The government is not considering cutting excise duty on petrol and diesel yet as rates have not touched levels that could trigger such an action, said Economic Affairs Secretary Subhash Chandra Garg.
The government is not considering cutting excise duty on petrol and diesel yet as rates have not touched levels that could trigger such an action, said Economic Affairs Secretary Subhash Chandra Garg. State oil firms have not revised petrol and diesel price for almost a week now. This after petrol price hit a 55-month high of Rs 74.63 a litre and diesel rates climbed to a record high of Rs 65.93. In an interview to PTI, Garg said oil prices can impact the government’s fiscal maths if they result in a spike in rates of domestic cooking gas (LPG) – the only commodity that is subsidised now. “Otherwise there is no direct subsidy any longer,” he said.
“Indirect subsidy/impact comes, if crude oil prices reach a certain level (and) there might by some rethink about excise duty etc. That’s not happened so far.” Without indicating the level of oil prices that could trigger an excise duty cut, he said, “If the level (of prices now) does not go up, there is no reason (for excise duty cut).”
Every rupee cut in excise duty on petrol and diesel will result in a revenue loss of Rs 13,000 crore. Asked if there is any thinking of cutting excise duty or asking PSU oil firms to hold rates till elections in Karnataka, he said, “We have not seen anything (on it).” The central government levies Rs 19.48 a litre of excise duty on petrol and Rs 15.33 per litre on diesel.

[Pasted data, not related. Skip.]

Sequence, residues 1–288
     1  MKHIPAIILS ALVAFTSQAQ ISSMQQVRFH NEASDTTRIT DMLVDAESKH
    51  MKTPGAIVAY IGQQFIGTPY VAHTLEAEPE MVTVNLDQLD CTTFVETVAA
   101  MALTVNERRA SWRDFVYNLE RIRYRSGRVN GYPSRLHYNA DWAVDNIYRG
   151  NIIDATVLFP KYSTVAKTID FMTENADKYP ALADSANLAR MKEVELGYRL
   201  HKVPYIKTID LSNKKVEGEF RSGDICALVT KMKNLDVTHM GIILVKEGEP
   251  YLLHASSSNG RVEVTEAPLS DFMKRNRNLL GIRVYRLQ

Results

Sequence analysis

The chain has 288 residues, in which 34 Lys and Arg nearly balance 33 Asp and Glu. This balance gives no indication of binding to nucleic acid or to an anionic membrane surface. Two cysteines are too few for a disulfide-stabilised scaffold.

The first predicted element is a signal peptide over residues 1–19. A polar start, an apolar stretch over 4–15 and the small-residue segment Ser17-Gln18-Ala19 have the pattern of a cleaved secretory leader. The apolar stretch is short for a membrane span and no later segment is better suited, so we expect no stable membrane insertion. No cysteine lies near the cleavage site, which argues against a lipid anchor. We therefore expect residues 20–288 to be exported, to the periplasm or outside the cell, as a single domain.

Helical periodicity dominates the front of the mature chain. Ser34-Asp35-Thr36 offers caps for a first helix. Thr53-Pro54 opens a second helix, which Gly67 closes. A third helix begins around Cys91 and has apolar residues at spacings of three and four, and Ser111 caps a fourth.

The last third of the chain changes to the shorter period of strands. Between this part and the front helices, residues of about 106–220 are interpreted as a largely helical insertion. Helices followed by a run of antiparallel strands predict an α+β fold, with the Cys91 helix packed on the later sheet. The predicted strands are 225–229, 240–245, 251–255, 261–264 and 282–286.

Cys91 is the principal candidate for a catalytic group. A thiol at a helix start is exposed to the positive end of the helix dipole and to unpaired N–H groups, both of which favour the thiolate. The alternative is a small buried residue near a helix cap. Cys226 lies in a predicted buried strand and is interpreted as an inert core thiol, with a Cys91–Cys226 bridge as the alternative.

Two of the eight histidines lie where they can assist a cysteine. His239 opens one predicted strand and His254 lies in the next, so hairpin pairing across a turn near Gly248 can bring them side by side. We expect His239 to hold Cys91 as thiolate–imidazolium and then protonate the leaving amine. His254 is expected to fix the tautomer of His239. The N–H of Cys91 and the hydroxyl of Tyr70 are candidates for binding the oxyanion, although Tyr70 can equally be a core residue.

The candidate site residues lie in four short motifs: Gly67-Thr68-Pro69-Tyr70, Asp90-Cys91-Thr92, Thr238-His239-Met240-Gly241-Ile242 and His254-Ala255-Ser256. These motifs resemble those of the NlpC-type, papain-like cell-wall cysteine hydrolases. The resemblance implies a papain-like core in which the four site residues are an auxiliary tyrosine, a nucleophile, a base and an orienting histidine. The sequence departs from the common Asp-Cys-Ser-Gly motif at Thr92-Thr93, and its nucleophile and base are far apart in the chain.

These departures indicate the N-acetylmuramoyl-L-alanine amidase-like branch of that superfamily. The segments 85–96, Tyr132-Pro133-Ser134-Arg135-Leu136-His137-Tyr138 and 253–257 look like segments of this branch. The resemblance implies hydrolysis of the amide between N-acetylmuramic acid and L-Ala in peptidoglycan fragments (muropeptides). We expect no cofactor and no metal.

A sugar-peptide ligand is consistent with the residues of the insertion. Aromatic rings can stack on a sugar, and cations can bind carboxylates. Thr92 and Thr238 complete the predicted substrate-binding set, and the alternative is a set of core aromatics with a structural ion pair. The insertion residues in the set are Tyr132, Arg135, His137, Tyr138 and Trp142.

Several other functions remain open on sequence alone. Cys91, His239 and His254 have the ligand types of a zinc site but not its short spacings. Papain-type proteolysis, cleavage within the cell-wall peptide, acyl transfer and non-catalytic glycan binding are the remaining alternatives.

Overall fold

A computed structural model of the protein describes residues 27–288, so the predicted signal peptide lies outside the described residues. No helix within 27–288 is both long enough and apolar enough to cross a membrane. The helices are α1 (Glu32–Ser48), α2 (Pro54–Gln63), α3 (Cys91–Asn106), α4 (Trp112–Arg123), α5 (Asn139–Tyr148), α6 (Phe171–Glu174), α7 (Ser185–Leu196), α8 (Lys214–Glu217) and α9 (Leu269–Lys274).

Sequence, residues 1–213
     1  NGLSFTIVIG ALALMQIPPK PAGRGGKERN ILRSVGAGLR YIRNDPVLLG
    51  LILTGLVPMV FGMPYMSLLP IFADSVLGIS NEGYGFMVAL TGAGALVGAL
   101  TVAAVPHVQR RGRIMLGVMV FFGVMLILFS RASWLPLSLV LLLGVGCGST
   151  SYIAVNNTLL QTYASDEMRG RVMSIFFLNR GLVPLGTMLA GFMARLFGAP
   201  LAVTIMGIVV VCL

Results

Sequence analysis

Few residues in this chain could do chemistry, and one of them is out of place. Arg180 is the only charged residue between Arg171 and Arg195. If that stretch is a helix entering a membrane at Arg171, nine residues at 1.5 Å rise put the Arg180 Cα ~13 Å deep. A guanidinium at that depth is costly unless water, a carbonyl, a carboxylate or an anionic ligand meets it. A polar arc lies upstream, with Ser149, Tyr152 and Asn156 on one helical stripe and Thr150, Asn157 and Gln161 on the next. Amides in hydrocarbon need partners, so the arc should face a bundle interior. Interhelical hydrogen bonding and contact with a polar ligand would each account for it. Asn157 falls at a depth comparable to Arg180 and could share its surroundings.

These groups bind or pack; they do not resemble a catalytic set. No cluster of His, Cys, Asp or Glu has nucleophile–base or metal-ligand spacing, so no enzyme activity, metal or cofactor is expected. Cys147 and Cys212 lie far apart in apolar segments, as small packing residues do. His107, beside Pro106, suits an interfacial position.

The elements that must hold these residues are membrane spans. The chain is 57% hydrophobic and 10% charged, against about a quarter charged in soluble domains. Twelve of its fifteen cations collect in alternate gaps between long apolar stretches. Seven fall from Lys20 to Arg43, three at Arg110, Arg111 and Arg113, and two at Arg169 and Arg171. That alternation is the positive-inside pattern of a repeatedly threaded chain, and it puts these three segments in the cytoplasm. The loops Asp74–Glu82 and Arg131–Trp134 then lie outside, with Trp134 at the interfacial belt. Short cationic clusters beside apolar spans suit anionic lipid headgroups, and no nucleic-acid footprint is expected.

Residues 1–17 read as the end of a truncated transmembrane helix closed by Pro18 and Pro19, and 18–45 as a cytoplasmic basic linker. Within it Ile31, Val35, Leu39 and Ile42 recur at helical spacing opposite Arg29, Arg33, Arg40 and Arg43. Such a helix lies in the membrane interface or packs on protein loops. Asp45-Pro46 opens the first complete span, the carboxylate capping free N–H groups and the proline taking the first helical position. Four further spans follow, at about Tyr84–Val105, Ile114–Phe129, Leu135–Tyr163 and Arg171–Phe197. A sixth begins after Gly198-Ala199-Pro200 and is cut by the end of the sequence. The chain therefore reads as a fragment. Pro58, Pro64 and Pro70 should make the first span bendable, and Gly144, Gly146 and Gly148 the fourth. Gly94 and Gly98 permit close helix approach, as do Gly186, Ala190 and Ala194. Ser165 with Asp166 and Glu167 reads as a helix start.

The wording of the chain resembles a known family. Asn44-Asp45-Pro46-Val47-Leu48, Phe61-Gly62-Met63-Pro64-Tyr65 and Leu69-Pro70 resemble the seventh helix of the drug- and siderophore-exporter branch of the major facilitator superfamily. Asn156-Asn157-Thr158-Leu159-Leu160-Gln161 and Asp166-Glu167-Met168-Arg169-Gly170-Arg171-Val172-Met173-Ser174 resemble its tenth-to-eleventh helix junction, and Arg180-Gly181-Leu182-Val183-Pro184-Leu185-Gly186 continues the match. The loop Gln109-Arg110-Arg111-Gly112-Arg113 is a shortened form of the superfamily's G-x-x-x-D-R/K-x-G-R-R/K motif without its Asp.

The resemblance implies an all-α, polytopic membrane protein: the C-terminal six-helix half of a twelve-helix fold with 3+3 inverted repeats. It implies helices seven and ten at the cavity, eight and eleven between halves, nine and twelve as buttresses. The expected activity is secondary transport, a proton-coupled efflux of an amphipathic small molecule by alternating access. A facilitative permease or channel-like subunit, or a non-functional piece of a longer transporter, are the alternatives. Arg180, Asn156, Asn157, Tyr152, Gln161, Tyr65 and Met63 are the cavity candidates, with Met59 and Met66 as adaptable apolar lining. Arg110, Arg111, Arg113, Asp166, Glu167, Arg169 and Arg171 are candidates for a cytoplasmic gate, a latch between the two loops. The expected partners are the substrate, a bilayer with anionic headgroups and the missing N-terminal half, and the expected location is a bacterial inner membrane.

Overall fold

State sales tax or VAT vary from state to state. In Delhi, VAT on petrol is Rs 15.84 and Rs 9.68 a litre on diesel. The government is hoping that geopolitical tensions would ease and US shale oil would help ease oil prices that are near three-year high. “Fundamental reasons, to my mind, don’t exist for oil prices to go up further from both demand and supply situation,” Garg said. The recent spurt may have been because of stock drawdowns, trade tensions and geopolitics around Syria and Korea.
“I think demand-supply situation is also turning alright. I think those (geopolitical issues) are also getting out of the way. So I don’t expect prices to go up further and that’s why I said ideally it should come down,” he said. State-owned oil firms, which have been since June last year revising auto fuel prices daily, today kept petrol and diesel rates unchanged for the sixth day in a row.
Petrol in the national capital costs Rs 74.63 a litre, the highest since September 14, 2013, when rates had hit Rs 76.06. Diesel price at Rs 65.93 is the highest ever. India has the highest retail prices of petrol and diesel among South Asian nations as taxes account for half of the pump rates. The government had raised excise duty nine times between November 2014 and January 2016 to shore up finances as global oil prices fell, but then cut the tax just once in October last year by Rs 2 a litre.
Subsequent to that excise duty reduction, the Centre had asked states to also lower VAT, but just four of them – Maharashtra, Gujarat, Madhya Pradesh and Himachal Pradesh – reduced rates while others including BJP-ruled ones ignored the call. In all, duty on petrol rate was hiked by Rs 11.77 per litre and that on diesel by 13.47 a litre in those 15 months that helped government’s excise mop up more than double to Rs 2,42,000 crore in 2016-17 from Rs 99,000 crore in 2014-15.